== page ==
We’ve seen some pretty interesting justifications from the powerful and wealthy for requesting that certain court cases concerning their good selves be subject to suppression orders.

Most recently — attached to the affidavit from Gina Rinehart’s lawyer outlining why she feared the lifting of the suppression order over her the details of her family squabble could jeopardise the safety of her nearest and dearest — were a number of examples from … the internet.

But Solomon Lew’s request to the Supreme Court takes the cake.

Jack Fajgenbaum, QC, appeared before a Supreme Court hearing yesterday on behalf of the retail magnate to seek to suppress further coverage of his multimillion-dollar family legal stoush. Fajgenbaum said his client wanted reports made anonymous in the same way as those of related Family Court proceedings to protect Lew’s grandchildren from ”hurtful gossip” at school.

Yes, that’s right, his grandchildren are being teased. Lew’s lawyer told the courts the media reports were “vindictive”, and ”motivated by some personal animus” — and added that Lew “… has always been portrayed in these articles as some sort of greedy ogre”.

As The Sydney Morning Herald reports, Justice Jennifer Davies has reserved her decision, but denied an application to have reports of yesterday’s hearing suppressed until then, citing extensive reporting of the proceeding on the internet and on ABC Radio and arguing the reports rendered such an order futile.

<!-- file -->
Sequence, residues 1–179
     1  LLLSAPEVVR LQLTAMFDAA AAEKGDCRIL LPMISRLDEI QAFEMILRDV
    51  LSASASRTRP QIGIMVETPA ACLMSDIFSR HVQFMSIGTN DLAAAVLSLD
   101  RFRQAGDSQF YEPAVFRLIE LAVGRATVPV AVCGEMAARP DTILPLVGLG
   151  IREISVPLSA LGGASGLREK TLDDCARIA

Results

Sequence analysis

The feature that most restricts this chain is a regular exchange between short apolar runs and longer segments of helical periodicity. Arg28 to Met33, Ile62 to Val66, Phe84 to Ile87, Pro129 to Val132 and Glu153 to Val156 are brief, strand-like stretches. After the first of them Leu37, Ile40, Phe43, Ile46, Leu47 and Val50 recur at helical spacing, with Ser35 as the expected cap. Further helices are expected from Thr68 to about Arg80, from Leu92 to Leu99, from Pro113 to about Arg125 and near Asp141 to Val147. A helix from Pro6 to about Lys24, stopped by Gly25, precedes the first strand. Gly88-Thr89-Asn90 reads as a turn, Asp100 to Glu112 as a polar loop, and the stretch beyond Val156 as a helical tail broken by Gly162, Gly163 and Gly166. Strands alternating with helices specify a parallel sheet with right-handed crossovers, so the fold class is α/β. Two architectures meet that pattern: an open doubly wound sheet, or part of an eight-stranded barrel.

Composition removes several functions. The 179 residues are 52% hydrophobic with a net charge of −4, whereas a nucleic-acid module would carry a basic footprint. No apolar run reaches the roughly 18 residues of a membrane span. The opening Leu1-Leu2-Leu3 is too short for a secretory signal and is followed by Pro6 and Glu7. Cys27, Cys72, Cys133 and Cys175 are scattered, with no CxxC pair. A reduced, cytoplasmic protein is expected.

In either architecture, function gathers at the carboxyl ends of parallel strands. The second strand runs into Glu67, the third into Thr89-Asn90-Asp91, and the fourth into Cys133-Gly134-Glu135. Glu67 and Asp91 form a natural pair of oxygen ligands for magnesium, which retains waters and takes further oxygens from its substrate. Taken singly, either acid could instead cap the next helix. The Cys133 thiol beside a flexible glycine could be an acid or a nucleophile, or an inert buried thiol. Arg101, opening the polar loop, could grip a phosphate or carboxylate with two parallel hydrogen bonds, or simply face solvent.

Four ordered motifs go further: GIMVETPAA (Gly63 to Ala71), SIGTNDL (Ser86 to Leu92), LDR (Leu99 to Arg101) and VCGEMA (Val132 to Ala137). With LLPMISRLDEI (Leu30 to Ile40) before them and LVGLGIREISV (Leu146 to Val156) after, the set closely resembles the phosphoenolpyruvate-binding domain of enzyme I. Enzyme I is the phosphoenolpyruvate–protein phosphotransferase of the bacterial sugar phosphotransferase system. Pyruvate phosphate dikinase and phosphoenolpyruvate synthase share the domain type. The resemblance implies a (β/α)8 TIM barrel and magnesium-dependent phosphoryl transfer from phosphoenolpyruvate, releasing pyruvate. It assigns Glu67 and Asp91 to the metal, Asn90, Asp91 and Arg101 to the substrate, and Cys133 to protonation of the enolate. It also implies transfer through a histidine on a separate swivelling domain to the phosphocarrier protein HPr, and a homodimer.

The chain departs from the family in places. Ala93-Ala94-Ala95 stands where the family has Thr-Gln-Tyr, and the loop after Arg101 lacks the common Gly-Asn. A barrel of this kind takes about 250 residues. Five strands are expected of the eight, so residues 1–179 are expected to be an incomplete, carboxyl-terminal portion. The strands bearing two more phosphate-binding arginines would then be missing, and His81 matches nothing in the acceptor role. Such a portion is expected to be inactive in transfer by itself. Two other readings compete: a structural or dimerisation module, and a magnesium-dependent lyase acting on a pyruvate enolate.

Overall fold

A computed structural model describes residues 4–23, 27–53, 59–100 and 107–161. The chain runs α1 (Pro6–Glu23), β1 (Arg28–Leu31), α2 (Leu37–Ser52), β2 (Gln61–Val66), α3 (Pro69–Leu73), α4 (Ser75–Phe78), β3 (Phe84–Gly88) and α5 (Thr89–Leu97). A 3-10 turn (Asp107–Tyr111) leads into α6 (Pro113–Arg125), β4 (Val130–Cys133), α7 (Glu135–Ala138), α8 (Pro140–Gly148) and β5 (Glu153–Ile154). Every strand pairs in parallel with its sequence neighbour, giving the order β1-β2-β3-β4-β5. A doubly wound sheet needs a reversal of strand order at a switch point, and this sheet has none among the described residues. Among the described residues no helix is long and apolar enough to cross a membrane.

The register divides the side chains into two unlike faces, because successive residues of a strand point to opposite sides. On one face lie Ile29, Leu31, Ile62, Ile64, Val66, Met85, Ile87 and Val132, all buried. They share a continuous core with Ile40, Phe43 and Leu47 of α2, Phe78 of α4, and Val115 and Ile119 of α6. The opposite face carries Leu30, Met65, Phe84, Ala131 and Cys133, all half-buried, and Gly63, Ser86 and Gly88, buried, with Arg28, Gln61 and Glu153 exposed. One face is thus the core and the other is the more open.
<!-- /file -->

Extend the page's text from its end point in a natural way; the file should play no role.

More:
There’s that internet again. Wealthy, powerful, sensitive types like Rinehart and Lew might ultimately be successful when it comes to their respective court cases, but they’re fighting a losing battle when it comes to controlling their image.

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Editor’s note: This just in — as most of you know by now, I will soon be sailing over the horizon for a short while to replace the Crikey deadline with a series of rolling, mini, baby-shaped deadlines. After a galaxy-wide search, we’re very chuffed to announce that our dear deputy editor Jason Whittaker will be settling into the big chair as of May 14 to become your fearless leader. For the official word on Crikey‘s very own, very smooth, leadership transition and our new publisher appointment, click here.

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Peter Fray
Peter Fray
Editor-in-chief of Crikey
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